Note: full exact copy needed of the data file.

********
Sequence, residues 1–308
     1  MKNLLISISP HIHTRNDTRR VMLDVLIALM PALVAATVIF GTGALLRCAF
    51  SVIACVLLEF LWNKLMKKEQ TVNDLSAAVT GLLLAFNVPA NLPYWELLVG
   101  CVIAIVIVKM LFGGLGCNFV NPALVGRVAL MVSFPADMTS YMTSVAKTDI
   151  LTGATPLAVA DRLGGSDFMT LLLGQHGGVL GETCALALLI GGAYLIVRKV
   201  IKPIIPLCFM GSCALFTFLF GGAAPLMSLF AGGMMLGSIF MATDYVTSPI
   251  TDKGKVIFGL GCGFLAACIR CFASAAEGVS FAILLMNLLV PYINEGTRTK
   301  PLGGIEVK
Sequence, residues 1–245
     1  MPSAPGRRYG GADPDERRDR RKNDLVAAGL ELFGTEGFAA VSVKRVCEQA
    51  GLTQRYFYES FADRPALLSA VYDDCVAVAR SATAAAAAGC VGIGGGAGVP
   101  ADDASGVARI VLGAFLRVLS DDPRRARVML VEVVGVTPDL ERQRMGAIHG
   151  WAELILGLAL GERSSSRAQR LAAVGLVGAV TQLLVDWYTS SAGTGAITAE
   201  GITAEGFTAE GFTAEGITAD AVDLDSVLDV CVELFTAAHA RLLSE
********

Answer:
Sequence, residues 1–308
     1  MKNLLISISP HIHTRNDTRR VMLDVLIALM PALVAATVIF GTGALLRCAF
    51  SVIACVLLEF LWNKLMKKEQ TVNDLSAAVT GLLLAFNVPA NLPYWELLVG
   101  CVIAIVIVKM LFGGLGCNFV NPALVGRVAL MVSFPADMTS YMTSVAKTDI
   151  LTGATPLAVA DRLGGSDFMT LLLGQHGGVL GETCALALLI GGAYLIVRKV
   201  IKPIIPLCFM GSCALFTFLF GGAAPLMSLF AGGMMLGSIF MATDYVTSPI
   251  TDKGKVIFGL GCGFLAACIR CFASAAEGVS FAILLMNLLV PYINEGTRTK
   301  PLGGIEVK
Sequence, residues 1–245
     1  MPSAPGRRYG GADPDERRDR RKNDLVAAGL ELFGTEGFAA VSVKRVCEQA
    51  GLTQRYFYES FADRPALLSA VYDDCVAVAR SATAAAAAGC VGIGGGAGVP
   101  ADDASGVARI VLGAFLRVLS DDPRRARVML VEVVGVTPDL ERQRMGAIHG
   151  WAELILGLAL GERSSSRAQR LAAVGLVGAV TQLLVDWYTS SAGTGAITAE
   201  GITAEGFTAE GFTAEGITAD AVDLDSVLDV CVELFTAAHA RLLSE